Item 2, above is a very useful feature, because after regulation, setting the generator level to 0 dBrG in any measurement of the same signal path will set the generator to the Level that caused the Target Value. For example, to test metrics like frequency response, SNR, gain, etc. of a power amplifier at rated power (1% THD+N), you need only use Auto-Set Gen Level to find the 1% THD+N Target Value, then run the required measurements in the same Signal Path with the Generator Level set to 0 dBrG.

As mentioned above, for the Auto-Set Gen Level process to succeed, the Target Value must occur somewhere between the specified generator Start and Stop values. If it doesn’t, the regulation will fail after 19 regulation steps are tried. For example, referring to Figure 1, if we specified a THD+N Ratio Target of 1.0%, with a Start Value of 5 mVrms and a Stop Value of 500 mVrms, the regulation process could never succeed, because the THD+N Ratio would never reach the Target Value within this range. When this happens, the error message shown in Figure 4 is displayed. Clicking the Details button will display the Regulation history (the generator Levels tested and the corresponding DUT output), as shown.

Figure 4. The error message displayed when Auto Set generator Level fails to find the Target Value.

To ensure that the Auto-Set Gen Level process succeeds in finding the Target Value, it’s important to choose appropriate Start and Stop Values. The easiest way to do this in Sequence Mode is by manually adjusting the Generator Level in the Verify Connections sub-panel while observing the RMS Level or THD+N Ratio result in Signal Path Setup. In Bench Mode, you can manually adjust the Level in the Generator Panel while observing the THD+N or RMS Level meter. This way, it’s easy to find a start and stop level such that the Target Value occurs between them. An alternative to this manual method is to run a Stepped Level Sweep measurement, as illustrated in Figure 1. However, this method also requires choosing appropriate start and stop levels for the sweep, which will likely require resorting to the manual method, anyway.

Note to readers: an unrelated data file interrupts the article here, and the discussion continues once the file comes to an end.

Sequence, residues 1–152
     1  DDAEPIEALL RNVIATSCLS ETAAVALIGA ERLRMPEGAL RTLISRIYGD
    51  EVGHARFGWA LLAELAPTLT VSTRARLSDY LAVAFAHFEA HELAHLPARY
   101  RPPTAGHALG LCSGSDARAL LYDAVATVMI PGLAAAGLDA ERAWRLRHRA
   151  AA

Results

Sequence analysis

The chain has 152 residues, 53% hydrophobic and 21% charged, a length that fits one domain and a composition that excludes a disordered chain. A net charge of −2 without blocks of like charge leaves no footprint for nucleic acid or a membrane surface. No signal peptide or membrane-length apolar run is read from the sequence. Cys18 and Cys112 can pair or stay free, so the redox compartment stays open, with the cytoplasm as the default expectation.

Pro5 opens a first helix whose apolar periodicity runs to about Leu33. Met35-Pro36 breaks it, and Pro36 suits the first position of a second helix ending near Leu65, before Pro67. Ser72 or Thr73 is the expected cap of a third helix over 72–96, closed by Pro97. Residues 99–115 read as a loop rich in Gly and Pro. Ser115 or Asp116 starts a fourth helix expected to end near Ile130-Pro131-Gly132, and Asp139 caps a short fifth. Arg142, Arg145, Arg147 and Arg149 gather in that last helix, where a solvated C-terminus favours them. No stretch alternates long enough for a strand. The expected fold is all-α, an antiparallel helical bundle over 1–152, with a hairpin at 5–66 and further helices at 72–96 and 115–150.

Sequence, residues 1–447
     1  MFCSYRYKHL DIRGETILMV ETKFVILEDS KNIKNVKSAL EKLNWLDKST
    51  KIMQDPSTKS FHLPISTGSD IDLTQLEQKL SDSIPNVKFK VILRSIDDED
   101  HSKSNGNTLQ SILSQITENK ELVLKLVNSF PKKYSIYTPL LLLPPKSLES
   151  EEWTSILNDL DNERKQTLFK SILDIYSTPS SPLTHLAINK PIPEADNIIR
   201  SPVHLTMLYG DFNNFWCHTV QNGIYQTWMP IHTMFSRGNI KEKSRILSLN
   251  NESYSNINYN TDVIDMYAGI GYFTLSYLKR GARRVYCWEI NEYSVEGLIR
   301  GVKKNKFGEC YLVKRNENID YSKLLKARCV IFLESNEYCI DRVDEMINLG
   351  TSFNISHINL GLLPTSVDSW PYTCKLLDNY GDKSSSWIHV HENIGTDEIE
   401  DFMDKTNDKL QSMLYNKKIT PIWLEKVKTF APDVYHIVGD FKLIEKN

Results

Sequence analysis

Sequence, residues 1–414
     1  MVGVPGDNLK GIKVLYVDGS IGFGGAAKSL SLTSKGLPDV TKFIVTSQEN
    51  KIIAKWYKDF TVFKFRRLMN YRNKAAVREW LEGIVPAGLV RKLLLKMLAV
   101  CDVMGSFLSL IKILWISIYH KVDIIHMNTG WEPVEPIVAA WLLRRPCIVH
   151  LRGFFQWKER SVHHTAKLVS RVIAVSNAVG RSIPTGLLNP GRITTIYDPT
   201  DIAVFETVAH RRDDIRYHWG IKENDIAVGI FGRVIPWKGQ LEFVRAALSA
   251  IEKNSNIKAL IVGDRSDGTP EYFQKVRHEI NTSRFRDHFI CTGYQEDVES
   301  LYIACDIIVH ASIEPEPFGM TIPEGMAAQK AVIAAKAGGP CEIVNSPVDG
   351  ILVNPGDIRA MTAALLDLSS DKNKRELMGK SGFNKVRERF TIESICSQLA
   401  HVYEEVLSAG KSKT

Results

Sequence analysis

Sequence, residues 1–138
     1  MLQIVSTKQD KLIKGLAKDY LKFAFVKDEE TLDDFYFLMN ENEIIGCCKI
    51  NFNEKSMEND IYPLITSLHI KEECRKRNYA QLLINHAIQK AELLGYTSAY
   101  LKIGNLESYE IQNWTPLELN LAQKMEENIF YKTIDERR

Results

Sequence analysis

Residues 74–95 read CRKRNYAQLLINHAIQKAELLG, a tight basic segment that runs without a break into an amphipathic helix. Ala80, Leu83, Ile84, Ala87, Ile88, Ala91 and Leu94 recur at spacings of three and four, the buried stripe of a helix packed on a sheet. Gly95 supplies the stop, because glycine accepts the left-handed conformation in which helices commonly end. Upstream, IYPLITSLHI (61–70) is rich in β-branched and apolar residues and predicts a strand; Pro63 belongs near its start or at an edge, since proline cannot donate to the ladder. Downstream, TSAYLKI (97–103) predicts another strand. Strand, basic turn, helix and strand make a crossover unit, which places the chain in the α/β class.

Regulation in a Sequence

There’s a feature that can be used to regulate the generator automatically in Sequence Mode. Clicking on the gear-shaped icon labeled “Measurement Sequence Settings…” in Signal Path Setup invokes a dialog of the same name. This dialog contains a checkbox labeled Auto Set Generator Level. When checked, the Auto Set Gen Level feature is automatically run using the parameters as set in the Automatically Set Generator Level dialog (Figure 2). With this feature you can easily create a sequence to automatically find a generator level that results in a target THD+N Ratio or RMS Level, then run a series of measurements at that level and produce a report.

Figure 5, Clicking on the Measurement Sequence Settings node in Signal Path Setup invokes a dialog containing an Auto-Set Gen Level checkbox.


This concludes our discussion of the Auto-Set Gen Level feature in APx. In addition to standard power amplifier testing, the feature is valuable for many use cases, including:

  • - Testing power amplifiers with digital inputs
  • - Calibrating the acoustic output level of a speaker
  • - Headphone characteristic input (the input level resulting in output level of 94 dBSPL at 500 Hz in an ear simulator)

In Part 2 of this post, we’ll discuss other measurements in Sequence Mode and Bench Mode which are specifically used for regulation.